In the Field

RSS
May 7
When a Filipino woman leaves her family to work abroad as a domestic worker/nanny, she knows it will be years before she will see her own children again. 
The looming years of separation offer no teary-eyed, last minute good-byes at the airport. 
Farewells are risky and not to be indulged. It will only allow guilt to set in.
“I really did not want my girls to come and see me off. Only my husband came,” said Leilani, a domestic worker and caregiver in Taiwan. “I knew they would just cling to me and we would just end up crying. How could I ever leave them?”
Sometimes good-bye in any form is too painful.
“We have stories of mothers who just told their children they were going to the market, but got on a plane and never came back,” said Luila Garcia, a field officer of Atikha, an NGO that promotes financial literacy among Overseas Filipino Workers (OFWs) and their families. 
“These mothers don’t do it to be cruel. They just don’t know how to say good-bye.”

Image and text by Ana P. Santos, via Instagram. Philippines, 2014.
Ana, our Persephone Miel Fellow for 2014, working on a project about the tens of thousands of Filipino women who leave their families to find work abroad. Roughly 10 percent, or $18.6BN of the Philippines GDP comes from remittances sent home by migrant workers. Almost half of the migrant workers from the Philippines are women, filling vacancies in the service sector mostly as nannies and domestic helpers.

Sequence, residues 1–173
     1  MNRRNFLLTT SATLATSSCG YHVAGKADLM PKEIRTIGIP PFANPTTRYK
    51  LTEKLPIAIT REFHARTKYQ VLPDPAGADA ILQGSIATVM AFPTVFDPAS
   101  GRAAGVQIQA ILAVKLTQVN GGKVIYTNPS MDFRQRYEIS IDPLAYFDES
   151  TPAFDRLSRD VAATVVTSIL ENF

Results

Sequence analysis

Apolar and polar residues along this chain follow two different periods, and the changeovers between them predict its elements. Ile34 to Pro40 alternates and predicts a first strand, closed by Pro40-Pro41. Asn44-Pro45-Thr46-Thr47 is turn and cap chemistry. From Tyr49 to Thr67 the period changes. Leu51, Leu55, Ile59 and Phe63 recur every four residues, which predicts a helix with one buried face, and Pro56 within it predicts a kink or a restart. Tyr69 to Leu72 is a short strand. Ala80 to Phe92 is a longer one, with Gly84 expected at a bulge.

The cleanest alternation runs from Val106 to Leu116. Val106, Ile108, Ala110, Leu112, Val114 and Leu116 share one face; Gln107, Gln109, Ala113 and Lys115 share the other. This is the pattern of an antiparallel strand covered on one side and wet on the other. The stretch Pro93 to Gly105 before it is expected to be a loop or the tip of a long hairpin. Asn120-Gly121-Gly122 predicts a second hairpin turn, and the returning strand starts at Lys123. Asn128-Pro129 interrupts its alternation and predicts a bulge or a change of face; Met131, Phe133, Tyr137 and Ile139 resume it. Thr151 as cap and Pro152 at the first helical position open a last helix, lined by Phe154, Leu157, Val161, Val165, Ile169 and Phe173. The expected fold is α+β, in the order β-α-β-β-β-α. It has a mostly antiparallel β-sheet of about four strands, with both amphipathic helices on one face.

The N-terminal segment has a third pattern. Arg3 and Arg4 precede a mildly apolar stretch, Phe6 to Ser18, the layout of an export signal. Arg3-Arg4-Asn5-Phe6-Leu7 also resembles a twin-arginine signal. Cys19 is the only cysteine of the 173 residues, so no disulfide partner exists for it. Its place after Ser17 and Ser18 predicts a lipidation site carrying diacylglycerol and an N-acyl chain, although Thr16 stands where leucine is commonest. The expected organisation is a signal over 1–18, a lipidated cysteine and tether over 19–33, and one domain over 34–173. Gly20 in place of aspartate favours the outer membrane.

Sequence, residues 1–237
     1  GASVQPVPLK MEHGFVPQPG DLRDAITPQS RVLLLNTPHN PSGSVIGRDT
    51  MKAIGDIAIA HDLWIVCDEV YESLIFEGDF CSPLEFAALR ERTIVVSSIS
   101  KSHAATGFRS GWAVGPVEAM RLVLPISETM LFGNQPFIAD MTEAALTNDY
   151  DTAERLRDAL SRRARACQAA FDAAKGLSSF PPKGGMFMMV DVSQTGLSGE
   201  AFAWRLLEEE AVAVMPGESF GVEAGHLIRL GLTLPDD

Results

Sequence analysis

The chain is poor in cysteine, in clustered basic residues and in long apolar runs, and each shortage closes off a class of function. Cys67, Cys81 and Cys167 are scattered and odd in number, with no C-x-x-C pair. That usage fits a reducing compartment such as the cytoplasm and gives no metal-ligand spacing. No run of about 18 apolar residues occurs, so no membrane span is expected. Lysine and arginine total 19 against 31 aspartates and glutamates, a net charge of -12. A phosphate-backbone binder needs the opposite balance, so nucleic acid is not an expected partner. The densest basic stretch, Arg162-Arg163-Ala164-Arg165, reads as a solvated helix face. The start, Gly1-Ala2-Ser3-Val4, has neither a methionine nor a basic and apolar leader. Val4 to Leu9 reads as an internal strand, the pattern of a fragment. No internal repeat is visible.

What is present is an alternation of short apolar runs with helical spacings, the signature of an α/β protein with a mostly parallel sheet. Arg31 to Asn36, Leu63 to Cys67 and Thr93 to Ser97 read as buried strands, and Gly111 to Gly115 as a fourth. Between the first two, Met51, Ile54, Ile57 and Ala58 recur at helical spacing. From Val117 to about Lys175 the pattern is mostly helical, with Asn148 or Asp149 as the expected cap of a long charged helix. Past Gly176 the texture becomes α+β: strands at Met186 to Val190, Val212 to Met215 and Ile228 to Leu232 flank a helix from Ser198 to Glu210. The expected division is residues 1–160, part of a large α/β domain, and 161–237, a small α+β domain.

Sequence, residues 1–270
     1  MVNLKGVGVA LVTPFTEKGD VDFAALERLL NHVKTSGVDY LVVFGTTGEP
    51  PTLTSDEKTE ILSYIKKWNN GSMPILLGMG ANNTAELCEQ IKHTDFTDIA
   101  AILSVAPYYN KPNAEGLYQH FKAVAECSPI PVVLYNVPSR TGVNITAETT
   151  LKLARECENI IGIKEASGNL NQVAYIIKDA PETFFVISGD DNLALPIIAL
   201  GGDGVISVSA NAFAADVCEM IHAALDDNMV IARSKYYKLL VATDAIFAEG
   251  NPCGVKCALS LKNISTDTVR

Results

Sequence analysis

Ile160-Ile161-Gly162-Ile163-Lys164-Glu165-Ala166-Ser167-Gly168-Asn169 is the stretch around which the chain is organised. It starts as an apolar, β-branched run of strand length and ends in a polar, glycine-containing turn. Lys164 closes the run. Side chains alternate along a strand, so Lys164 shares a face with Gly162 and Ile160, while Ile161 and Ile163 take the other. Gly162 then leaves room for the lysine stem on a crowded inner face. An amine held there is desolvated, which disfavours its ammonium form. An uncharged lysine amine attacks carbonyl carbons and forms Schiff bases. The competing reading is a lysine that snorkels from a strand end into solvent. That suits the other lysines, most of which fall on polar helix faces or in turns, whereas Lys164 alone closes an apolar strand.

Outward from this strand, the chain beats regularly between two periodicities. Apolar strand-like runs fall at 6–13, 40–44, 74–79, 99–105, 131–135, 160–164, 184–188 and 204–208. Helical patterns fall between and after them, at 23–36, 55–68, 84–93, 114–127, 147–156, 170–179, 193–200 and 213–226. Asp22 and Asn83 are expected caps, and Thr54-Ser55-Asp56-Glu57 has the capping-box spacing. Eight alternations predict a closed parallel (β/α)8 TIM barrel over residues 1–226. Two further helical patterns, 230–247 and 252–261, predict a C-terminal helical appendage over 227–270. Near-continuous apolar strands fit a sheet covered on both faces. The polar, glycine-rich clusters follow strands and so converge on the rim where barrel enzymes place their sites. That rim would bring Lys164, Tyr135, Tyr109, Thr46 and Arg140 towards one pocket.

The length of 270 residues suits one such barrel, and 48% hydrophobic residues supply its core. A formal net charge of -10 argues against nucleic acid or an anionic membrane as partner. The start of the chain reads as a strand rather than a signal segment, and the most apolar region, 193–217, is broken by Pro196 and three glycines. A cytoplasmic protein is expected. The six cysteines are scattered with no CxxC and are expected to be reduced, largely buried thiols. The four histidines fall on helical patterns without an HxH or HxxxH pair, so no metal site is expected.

When a Filipino woman leaves her family to work abroad as a domestic worker/nanny, she knows it will be years before she will see her own children again. 

The looming years of separation offer no teary-eyed, last minute good-byes at the airport. 

Farewells are risky and not to be indulged. It will only allow guilt to set in.

“I really did not want my girls to come and see me off. Only my husband came,” said Leilani, a domestic worker and caregiver in Taiwan. “I knew they would just cling to me and we would just end up crying. How could I ever leave them?”

Sometimes good-bye in any form is too painful.

“We have stories of mothers who just told their children they were going to the market, but got on a plane and never came back,” said Luila Garcia, a field officer of Atikha, an NGO that promotes financial literacy among Overseas Filipino Workers (OFWs) and their families. 

“These mothers don’t do it to be cruel. They just don’t know how to say good-bye.”

Image and text by Ana P. Santos, via Instagram. Philippines, 2014.

Ana, our Persephone Miel Fellow for 2014, working on a project about the tens of thousands of Filipino women who leave their families to find work abroad. Roughly 10 percent, or $18.6BN of the Philippines GDP comes from remittances sent home by migrant workers. Almost half of the migrant workers from the Philippines are women, filling vacancies in the service sector mostly as nannies and domestic helpers.